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Osman Mandal Vs. Radhika Mohan Roy - Court Judgment

LegalCrystal Citation
CourtKolkata
Decided On
Judge
Reported inAIR1923Cal298,67Ind.Cas.294
AppellantOsman Mandal
RespondentRadhika Mohan Roy
Cases ReferredNityanand Pal v. Nanda Kumar
Excerpt:
bengal tenancy act (viii of 1885), section 50(1), (2), applicability of - 'permanent settlement,' meaning of--presumption under section 50(2). - .....1793 but what they say is this that the presumption of the sub section still applies even if the rent was permanently settled at a later date than 1793. that seems to in to be the real ratio decidenti of the decisions in both the cases to which we have been referred. accordingly it does not seem to us that there is any force in the first contention raised before us with regard to the meaning of the words permanent settlement in the two subjections of section 50 to which we have referred. to gain the advantage of section 50, therefore, the defendant has to show that the rate of rent has not been changed from the time of the permanent settlement of 1793. but there is an express finding that the jama was created some 70 years ago. accordingly it is not fact that the rent has not changed.....
Judgment:

1. These two appeals are by the defendant against decisions of the Subordinate Judge of 24-Pargannahs affirming decisions of the Munsif of Baruipur.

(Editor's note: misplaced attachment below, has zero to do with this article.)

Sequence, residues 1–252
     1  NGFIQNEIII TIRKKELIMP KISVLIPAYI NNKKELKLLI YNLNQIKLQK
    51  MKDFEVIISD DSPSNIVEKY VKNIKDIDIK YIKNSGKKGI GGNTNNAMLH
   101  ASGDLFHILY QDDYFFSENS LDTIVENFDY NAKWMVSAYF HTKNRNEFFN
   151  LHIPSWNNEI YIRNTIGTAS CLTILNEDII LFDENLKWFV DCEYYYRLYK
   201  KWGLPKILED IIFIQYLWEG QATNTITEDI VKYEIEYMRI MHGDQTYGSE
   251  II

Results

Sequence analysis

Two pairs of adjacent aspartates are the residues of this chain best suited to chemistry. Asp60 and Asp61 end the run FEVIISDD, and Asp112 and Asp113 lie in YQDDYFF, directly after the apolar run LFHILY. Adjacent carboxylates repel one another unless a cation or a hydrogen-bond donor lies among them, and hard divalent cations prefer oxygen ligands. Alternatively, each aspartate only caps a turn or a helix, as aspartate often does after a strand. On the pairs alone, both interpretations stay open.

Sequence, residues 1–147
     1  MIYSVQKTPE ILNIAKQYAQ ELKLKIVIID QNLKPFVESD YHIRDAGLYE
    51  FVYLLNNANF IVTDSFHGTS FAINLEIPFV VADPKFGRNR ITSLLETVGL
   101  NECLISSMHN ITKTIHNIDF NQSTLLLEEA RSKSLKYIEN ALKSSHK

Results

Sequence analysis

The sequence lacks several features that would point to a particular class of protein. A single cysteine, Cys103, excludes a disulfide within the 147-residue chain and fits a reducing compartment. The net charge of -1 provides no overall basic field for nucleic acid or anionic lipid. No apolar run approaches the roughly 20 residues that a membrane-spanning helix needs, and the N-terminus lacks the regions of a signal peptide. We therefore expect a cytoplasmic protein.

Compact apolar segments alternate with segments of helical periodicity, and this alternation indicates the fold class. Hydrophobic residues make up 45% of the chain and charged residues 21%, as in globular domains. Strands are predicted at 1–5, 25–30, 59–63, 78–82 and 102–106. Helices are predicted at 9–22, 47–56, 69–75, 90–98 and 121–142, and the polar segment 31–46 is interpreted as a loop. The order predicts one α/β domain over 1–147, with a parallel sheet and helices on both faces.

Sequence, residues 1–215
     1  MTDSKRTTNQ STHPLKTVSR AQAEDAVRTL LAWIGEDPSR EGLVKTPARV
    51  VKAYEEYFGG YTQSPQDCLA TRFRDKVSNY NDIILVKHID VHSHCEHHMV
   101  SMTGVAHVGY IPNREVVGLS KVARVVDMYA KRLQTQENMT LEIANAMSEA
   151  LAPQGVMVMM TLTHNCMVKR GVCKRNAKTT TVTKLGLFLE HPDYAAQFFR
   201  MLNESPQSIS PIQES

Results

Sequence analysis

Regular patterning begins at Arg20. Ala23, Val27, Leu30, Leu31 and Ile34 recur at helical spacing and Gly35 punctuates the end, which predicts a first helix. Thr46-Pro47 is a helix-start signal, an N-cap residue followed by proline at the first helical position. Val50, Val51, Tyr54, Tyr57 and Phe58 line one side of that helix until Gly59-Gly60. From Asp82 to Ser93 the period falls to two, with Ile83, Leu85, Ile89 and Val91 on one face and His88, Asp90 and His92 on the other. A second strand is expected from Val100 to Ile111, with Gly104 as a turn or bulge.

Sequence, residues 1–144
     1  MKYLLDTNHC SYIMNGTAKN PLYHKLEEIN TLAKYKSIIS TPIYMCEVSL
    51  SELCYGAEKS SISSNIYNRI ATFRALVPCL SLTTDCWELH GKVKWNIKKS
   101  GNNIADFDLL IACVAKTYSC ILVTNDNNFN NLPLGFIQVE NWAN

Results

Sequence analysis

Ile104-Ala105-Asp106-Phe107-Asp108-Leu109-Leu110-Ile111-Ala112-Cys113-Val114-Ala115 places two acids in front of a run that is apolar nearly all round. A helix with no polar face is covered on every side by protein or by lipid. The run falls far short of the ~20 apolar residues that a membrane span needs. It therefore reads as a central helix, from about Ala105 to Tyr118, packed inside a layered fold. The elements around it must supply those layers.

2. The main point that arises for our decision in these appeals is, whether the tenant defendant who is an occupancy raiyat is entitled to the protection of Section 50 of the Bengal Tenancy Act. Now, what has been argued before us is that despite the definition of Permanent Settlement contained in Section 3, Sub-section (12) of the Act, the decisions of this Court go to show that the words Permanent Settlement as used in Section 50 are not to be confined to the Permanent Settlement of 1793 and it is said that inasmuch as the land in suit was not permanently settled until 1905 we should hold that the words Permanent Settlement as appearing in Section 50, Sub-section (1) and a so in Sub-section (2) refer not to the Permanent Settlement of 1793 but to the Settlement of 1905 when the land itself was permanently settled. Now, no decision has been cited to us which would show that the words Permanent Settlement in Section 50, Sub-section (1) of the Bengal Tenancy Act, do not relate to the Permanent Settlement of 1793. But so far as Sub-section 2 is concerned we have been referred in support of the argument addressed to us to the case of Tamasha Bibi v. Ashutosh Dhur 4 C.W.N. 513 at p. 517 and to the remarks of Sir Francis Maclean at page 514 in that case when he says discussing Sub-section (2) of Section 50 that he sees no reason for restricting the operation of the section to the Permanent Settlement of 1793. We have been further referred to a passage in Mr. Justice Banerjee, judgment at page 515 to the same effect The other case to which we have been referred is the case of Khettermoni Dasi v. Jiban Krishna Kundoo 28 Ind. Cas. 510 : 21 C.L.J. 315: 19 C.W.N. 646 which cites and follows the decision in Tamasha Bibi v. Ashutosh Dhur 4 C.W.N. 513 at p. 517. Now, as we read the decision in Tamasha Bibi v. Ashutosh Dhur 4 C.W.N. 513 at p. 517 neither of the learned Judges who decided that case say that the Permanent Settlement in Section 50 Sub-section (2) does not mean the Permanent Settlement of 1793 But what they say is this that the presumption of the sub section still applies even if the rent was permanently settled at a later date than 1793. That seems to in to be the real ratio decidenti of the decisions in both the cases to which we have been referred. Accordingly it does not seem to us that there is any force in the first contention raised before us with regard to the meaning of the words Permanent Settlement in the two subjections of Section 50 to which we have referred. To gain the advantage of Section 50, therefore, the defendant has to show that the rate of rent has not been changed from the time of the Permanent Settlement of 1793. But there is an express finding that the jama was created some 70 years ago. Accordingly it is not fact that the rent has not changed since 1793. Then again so far as sub Section (2) is concerned no doubt there is a finding of the Munsif that the rent has not been changed during the 20 years prior to the institution of the suit and that is a finding to the contrary within the meaning of the excluding part of the sub-section as the origin of the jama has been found to be some 70 or 75 years ago.